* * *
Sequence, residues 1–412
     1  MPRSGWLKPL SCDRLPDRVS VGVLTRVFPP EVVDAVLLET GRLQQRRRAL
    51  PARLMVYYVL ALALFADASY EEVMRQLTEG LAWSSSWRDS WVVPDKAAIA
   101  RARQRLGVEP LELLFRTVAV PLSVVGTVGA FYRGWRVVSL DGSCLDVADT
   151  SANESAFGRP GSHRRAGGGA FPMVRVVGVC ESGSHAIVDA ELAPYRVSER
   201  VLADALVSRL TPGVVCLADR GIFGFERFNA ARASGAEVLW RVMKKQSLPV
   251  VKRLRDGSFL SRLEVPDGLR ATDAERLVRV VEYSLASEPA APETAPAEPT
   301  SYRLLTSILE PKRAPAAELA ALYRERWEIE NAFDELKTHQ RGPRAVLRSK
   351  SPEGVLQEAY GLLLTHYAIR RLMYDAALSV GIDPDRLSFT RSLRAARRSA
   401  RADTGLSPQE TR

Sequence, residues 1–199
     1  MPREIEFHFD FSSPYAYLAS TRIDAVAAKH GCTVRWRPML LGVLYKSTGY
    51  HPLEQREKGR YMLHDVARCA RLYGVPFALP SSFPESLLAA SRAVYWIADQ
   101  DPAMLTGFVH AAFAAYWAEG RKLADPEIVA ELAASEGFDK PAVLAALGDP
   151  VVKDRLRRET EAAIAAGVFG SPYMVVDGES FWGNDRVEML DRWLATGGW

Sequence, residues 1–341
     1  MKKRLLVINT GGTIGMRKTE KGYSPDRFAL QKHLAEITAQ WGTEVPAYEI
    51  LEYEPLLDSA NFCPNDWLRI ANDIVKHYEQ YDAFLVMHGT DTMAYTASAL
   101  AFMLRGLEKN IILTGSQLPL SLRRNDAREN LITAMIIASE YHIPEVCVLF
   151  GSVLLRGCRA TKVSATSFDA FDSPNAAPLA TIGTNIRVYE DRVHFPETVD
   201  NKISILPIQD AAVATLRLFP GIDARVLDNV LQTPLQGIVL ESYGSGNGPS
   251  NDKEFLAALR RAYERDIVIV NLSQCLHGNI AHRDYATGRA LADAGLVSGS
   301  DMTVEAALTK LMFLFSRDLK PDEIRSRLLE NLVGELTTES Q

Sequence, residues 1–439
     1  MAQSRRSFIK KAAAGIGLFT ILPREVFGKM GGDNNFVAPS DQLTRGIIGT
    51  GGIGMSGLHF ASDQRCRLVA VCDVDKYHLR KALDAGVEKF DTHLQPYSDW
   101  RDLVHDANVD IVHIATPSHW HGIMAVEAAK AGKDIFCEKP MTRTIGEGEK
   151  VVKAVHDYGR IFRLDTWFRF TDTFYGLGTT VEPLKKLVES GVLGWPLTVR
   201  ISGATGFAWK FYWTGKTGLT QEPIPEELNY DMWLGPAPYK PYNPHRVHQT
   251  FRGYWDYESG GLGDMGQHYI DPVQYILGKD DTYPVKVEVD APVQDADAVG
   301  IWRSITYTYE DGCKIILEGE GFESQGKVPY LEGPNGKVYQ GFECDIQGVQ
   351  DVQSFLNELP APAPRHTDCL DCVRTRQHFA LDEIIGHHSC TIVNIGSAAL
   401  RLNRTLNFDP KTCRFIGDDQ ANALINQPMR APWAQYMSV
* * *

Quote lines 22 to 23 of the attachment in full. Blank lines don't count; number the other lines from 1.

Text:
   251  NDKEFLAALR RAYERDIVIV NLSQCLHGNI AHRDYATGRA LADAGLVSGS
   301  DMTVEAALTK LMFLFSRDLK PDEIRSRLLE NLVGELTTES Q